Friday, March 5, 2010

10 or 20 Years Ago

Upon seeing the 1991 publication date on the Barron article, one of my first questions was, Is he still doing Peer-Response Groups? The article, like the Zimmet and Anderson pieces, date from at least 10 years ago, before NCLB, before the dominant mantra of data-driven instruction meant constant standardized testing. I certainly hope Mr. Barron is still teaching with his purposeful and level-headed attitude.

Barron channels Donald Murray when he says, "For the modeling to be effective, teachers must be willing to let students respond to early drafts of their own writing" (emphasis added). We as teachers must share our own work as well as student samples. Doing so encourages risk-taking and builds trust. Barron also suggests using high-quality student work as samples--the '4's we talked about last week. The assumption is the students will be working with drafts that can grow into 3's and 4's, A's or Excellents.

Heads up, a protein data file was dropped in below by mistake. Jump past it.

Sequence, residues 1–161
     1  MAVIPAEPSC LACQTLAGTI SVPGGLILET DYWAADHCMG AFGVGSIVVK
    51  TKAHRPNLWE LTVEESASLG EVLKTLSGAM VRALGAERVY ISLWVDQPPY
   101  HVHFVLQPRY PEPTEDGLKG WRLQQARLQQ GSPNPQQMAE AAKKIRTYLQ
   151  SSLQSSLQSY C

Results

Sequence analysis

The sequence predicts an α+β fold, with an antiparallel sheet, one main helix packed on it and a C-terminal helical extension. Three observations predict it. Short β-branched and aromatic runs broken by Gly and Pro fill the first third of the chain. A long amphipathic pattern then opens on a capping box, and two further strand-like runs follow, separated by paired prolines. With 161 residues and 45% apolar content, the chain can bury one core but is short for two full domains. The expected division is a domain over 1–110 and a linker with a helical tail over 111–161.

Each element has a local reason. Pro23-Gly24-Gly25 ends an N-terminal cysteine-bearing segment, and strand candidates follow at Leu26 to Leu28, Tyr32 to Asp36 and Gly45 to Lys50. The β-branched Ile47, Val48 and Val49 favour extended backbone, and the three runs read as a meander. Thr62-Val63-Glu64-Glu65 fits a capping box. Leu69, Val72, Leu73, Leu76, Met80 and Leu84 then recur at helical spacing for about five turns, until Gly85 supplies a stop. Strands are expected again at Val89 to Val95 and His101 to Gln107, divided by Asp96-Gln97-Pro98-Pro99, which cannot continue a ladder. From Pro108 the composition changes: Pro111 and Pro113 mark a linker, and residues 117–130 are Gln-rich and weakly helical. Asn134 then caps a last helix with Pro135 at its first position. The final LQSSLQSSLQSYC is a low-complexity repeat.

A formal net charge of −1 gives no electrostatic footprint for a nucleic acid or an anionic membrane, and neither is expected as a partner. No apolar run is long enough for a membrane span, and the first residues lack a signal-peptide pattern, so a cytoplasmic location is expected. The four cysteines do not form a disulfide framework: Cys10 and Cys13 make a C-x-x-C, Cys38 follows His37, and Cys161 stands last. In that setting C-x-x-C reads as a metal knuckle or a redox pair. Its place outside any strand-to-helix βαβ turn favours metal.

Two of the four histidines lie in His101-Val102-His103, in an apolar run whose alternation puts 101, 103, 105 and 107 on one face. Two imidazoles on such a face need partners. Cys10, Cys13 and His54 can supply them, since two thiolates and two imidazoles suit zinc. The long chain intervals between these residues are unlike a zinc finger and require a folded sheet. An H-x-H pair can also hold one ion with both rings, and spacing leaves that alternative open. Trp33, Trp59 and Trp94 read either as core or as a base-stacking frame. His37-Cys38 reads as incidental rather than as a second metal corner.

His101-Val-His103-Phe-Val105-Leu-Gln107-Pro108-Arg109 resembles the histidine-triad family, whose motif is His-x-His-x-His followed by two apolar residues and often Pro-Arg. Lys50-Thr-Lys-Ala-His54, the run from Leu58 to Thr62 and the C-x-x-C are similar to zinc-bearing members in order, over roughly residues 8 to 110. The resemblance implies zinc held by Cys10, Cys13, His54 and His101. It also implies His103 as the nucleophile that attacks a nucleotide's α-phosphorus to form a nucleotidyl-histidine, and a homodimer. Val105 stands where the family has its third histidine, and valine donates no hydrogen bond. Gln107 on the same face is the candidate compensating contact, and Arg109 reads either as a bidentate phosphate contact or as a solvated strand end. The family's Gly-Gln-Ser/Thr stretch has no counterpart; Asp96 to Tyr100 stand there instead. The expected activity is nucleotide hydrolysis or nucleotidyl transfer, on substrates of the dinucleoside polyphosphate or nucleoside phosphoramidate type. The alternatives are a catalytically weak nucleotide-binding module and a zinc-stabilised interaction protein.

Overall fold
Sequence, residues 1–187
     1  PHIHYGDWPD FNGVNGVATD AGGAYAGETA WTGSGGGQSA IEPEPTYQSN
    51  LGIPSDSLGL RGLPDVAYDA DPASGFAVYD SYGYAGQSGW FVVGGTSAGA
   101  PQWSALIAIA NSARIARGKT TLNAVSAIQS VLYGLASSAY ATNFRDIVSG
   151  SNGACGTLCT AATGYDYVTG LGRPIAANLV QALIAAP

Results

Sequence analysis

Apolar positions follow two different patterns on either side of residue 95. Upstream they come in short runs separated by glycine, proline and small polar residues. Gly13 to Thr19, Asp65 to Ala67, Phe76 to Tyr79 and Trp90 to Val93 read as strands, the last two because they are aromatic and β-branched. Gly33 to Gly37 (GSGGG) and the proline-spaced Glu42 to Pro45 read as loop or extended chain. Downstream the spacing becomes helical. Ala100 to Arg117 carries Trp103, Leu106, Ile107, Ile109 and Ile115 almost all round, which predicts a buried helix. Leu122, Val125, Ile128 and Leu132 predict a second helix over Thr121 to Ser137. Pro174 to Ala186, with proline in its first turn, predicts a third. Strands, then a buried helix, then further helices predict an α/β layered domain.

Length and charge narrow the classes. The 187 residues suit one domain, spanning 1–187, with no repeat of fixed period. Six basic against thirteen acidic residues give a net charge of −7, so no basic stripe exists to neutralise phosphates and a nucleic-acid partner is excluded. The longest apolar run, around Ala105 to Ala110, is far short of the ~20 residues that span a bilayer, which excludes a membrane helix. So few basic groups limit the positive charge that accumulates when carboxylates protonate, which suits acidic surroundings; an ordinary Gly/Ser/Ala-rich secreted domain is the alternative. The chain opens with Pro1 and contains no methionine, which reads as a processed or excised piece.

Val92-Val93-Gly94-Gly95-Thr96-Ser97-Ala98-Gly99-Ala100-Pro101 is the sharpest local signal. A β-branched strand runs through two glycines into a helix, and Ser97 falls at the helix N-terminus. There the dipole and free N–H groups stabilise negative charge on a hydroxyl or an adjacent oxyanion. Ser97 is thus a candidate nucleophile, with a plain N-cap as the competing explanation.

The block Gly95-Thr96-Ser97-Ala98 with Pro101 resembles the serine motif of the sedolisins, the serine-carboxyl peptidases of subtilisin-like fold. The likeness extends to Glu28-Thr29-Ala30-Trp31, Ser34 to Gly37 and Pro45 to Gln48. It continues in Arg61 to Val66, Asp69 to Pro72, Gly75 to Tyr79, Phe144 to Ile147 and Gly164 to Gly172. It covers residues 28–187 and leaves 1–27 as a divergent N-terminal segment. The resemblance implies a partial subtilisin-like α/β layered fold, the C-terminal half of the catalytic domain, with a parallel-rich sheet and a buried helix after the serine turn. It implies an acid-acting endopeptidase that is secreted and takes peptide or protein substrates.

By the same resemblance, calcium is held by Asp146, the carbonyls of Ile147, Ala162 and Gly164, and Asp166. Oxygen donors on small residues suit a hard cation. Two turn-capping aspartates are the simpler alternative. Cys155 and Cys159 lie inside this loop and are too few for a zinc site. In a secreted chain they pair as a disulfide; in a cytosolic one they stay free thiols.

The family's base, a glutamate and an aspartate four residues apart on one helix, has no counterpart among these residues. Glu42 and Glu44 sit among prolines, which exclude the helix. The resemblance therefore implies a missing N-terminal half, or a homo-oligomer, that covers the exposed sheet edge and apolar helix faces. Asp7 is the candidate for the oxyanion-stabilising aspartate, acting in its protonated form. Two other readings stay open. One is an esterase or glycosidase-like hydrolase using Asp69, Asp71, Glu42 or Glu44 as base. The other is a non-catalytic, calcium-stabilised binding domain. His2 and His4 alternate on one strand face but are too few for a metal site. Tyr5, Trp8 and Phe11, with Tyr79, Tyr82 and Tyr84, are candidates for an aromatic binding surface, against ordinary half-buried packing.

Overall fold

One of the practical suggestions which Barron makes is how to set up groups, with the acknowledgement that they might not always work. It sounds like he has worked in the real world, which gives his approach credibility.

But mostly, I liked his focus on teaching the writer, not grading the writing. As he writes on page 34, "One of the purposes of a composition course should be to make students more confident and more independent writers." Anderson (p. 18) asks, "What can I teach students about the writing work they are doing that will help them become better writers?" Whereas Anderson focuses on teacher-student conversations, Barron uses the resources of the student's peers as well to answer these important questions.

1 comment:

  1. This is what I need to remember every day: "One of the purposes of (school) should be to make students more confident and more independent writers", readers, thinkers, scientists, historians, mathematicians, citizens... I love it. As we approach the MCAs, I need to be reminded that, while we can help our students practice test-taking skills, our overall goals are much bigger than passing the high-stakes standardized multiple choice tests.